Your browser is no longer supported

For the best possible experience using our website we recommend you upgrade to a newer version or another browser.

Your browser appears to have cookies disabled. For the best experience of this website, please enable cookies in your browser

We'll assume we have your consent to use cookies, for example so you won't need to log in each time you visit our site.
Learn more

Race on for £20M Port of Dover civils framework

Port of Dover

The Port of Dover is searching for a contractor for its £20M civil engineering framework.

The four-year contract will include both landside and marine-side general civils works including reactive works, alterations, new build, repairs and planned maintenance. 

Works packages will be worth up to £1M, and the Kent port estimates spending £5M a year under the framework.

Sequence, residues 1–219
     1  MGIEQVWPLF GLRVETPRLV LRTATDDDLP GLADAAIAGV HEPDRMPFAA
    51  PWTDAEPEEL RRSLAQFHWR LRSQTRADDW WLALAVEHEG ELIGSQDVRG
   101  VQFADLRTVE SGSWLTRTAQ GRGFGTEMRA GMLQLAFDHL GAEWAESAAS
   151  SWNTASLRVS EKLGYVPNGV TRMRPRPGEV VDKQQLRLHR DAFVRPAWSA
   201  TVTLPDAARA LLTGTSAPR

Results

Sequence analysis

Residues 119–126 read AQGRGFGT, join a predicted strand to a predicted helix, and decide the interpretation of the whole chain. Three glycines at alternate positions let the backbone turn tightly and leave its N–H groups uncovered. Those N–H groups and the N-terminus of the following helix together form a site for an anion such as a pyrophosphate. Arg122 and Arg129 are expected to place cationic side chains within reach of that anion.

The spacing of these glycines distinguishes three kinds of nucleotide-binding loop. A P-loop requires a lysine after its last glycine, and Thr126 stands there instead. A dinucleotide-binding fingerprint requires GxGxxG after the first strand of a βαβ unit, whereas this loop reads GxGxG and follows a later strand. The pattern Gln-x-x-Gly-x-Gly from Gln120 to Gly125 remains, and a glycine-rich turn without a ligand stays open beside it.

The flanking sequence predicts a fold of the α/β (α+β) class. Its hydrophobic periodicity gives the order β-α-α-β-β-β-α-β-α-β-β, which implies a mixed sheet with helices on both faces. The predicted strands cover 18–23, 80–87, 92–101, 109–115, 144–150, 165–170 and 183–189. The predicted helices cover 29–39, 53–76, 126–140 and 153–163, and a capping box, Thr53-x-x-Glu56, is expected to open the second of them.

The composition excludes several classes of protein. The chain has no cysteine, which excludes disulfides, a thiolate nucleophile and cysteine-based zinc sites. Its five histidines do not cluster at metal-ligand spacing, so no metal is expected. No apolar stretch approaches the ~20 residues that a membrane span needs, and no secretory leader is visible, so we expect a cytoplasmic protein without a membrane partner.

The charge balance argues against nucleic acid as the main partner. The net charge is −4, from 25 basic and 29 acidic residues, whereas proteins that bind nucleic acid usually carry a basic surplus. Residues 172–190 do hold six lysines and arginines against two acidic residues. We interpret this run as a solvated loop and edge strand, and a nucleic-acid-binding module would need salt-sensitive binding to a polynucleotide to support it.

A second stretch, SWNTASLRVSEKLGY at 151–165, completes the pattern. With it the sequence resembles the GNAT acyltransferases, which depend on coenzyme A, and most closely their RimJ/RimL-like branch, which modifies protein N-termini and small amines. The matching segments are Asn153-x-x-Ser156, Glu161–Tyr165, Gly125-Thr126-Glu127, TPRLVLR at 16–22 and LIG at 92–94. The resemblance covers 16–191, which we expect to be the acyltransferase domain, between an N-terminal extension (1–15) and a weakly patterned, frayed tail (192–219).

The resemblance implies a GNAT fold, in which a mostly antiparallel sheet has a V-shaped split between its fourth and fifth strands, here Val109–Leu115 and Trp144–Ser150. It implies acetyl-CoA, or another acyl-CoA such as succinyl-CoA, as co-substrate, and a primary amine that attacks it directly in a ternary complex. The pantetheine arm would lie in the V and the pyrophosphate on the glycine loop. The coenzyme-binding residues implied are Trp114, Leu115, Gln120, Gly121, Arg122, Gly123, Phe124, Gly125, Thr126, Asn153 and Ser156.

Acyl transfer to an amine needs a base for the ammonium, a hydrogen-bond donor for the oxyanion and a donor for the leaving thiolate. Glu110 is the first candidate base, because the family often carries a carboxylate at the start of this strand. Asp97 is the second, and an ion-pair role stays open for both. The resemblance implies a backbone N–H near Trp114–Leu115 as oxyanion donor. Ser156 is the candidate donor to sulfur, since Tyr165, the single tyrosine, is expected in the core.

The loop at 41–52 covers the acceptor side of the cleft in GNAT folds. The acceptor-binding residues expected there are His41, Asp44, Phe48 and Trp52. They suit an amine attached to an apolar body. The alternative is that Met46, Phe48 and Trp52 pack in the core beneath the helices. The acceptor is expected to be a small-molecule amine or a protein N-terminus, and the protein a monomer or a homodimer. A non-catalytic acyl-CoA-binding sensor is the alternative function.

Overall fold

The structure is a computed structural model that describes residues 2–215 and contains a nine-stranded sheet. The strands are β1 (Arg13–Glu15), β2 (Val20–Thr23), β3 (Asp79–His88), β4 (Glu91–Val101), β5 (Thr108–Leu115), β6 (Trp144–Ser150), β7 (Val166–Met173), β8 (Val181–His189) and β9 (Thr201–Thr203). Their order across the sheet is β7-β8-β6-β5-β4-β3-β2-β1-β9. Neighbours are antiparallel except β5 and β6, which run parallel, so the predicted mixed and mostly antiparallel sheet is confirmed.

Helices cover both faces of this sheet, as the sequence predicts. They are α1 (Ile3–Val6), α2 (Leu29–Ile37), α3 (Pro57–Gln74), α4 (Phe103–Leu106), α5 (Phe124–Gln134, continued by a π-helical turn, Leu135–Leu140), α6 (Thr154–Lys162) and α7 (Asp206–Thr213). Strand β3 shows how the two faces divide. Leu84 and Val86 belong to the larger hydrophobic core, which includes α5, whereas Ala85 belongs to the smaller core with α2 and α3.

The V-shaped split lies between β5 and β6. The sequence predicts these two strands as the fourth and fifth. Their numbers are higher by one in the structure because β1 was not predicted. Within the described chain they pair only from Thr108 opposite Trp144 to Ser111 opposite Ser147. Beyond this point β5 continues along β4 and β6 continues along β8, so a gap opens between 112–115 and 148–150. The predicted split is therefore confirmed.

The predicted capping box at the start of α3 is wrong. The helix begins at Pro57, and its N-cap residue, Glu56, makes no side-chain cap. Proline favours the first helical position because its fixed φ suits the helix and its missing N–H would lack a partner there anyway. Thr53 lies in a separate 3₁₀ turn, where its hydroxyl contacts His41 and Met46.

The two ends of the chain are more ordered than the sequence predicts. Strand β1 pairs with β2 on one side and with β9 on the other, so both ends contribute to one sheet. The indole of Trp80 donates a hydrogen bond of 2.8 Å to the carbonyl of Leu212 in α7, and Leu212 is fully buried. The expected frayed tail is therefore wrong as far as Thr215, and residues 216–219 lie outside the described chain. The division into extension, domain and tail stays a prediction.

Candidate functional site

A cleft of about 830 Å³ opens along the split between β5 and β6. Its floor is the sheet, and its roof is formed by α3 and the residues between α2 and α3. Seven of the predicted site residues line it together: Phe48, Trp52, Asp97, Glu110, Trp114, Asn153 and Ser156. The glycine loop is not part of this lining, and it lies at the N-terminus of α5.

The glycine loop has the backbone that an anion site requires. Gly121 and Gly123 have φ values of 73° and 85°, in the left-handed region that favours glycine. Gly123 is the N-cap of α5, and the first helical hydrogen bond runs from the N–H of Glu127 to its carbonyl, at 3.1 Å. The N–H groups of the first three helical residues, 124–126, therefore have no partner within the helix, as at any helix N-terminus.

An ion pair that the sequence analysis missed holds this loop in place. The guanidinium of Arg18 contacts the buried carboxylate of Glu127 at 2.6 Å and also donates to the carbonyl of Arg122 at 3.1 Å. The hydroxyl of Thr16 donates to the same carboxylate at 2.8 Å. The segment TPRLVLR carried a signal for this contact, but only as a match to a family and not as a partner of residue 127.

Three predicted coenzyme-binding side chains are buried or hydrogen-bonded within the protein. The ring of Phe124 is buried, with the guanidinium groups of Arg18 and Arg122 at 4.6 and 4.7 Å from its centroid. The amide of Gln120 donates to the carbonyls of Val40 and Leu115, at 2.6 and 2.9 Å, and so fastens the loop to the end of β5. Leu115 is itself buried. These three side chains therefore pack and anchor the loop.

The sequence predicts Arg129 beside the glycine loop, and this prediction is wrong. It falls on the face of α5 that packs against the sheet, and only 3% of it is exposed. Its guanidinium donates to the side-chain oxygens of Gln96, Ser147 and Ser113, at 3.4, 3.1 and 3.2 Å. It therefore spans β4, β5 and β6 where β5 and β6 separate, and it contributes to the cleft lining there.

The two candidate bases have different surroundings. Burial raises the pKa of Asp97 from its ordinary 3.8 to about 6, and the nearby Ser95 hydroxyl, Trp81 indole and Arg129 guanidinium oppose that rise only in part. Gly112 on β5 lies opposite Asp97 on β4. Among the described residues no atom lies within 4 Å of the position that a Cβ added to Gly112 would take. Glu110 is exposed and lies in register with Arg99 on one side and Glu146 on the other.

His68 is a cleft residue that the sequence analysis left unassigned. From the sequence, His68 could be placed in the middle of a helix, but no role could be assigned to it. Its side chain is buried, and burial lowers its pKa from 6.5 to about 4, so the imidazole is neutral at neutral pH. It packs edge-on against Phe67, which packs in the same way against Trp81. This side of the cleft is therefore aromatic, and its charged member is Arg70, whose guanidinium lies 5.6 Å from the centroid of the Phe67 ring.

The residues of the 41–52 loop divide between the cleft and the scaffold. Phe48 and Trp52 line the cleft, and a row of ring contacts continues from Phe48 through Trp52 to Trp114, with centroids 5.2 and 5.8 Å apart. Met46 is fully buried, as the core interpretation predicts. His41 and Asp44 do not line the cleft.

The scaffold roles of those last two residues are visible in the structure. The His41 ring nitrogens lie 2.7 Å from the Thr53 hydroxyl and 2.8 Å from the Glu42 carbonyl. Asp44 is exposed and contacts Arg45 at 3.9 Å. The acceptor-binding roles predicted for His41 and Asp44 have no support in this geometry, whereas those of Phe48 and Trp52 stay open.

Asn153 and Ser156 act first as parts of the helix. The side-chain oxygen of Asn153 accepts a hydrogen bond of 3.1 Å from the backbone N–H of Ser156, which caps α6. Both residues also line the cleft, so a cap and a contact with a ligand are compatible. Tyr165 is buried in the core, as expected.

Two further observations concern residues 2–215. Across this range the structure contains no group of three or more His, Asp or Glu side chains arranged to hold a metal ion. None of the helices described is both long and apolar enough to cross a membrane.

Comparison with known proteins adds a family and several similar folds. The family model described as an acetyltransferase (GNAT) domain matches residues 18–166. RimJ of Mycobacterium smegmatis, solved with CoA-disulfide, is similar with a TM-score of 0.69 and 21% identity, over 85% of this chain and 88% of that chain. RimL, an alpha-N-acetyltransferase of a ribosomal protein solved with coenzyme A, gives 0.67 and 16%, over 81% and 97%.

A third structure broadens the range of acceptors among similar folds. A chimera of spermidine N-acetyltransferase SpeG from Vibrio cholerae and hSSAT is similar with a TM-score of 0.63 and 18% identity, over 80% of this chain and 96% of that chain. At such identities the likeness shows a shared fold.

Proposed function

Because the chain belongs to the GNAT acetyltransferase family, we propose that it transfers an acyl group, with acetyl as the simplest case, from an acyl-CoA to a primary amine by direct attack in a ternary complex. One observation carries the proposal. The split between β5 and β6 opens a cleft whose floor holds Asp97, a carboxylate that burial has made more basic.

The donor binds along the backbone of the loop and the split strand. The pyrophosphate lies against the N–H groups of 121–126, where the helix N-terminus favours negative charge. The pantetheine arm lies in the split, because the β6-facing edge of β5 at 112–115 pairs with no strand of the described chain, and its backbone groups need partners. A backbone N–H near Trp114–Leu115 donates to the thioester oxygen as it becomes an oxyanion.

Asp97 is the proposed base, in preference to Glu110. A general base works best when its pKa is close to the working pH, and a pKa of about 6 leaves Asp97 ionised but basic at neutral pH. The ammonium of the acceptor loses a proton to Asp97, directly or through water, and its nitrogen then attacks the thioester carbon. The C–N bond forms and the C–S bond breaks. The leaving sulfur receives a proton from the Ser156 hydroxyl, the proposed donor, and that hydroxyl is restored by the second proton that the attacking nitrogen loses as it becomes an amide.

The framework for Europe’s busiest ferry port will begin in 2019 and run until 2023. The deadline to submit requests to participate in the procurement process is 27 July. 

The port is also seeking a contractor to carry out £10M of highways and infrastructure works, which will include construction of marina and boatyard access roads, boatyard resurfacing and the refurbishment of the historic Clock Tower Square as part of the Dover Western Docks Revival (DWDR) programme. 

In May, VolkerFitzpatrick won a £21M contract to deliver the paving, utilities and infrastructure works for the DWDR. During the 12-month programme it will work alongside VSBW, a joint venture between VolkerStevin and Boskalis Westminster, which won a £115M contract to build two new berths at the port at the beginning of last year.

Like what you’ve read? To receive New Civil Engineer’s daily and weekly newsletters click here.


Have your say

You must sign in to make a comment

Please remember that the submission of any material is governed by our Terms and Conditions and by submitting material you confirm your agreement to these Terms and Conditions. Please note comments made online may also be published in the print edition of New Civil Engineer. Links may be included in your comments but HTML is not permitted.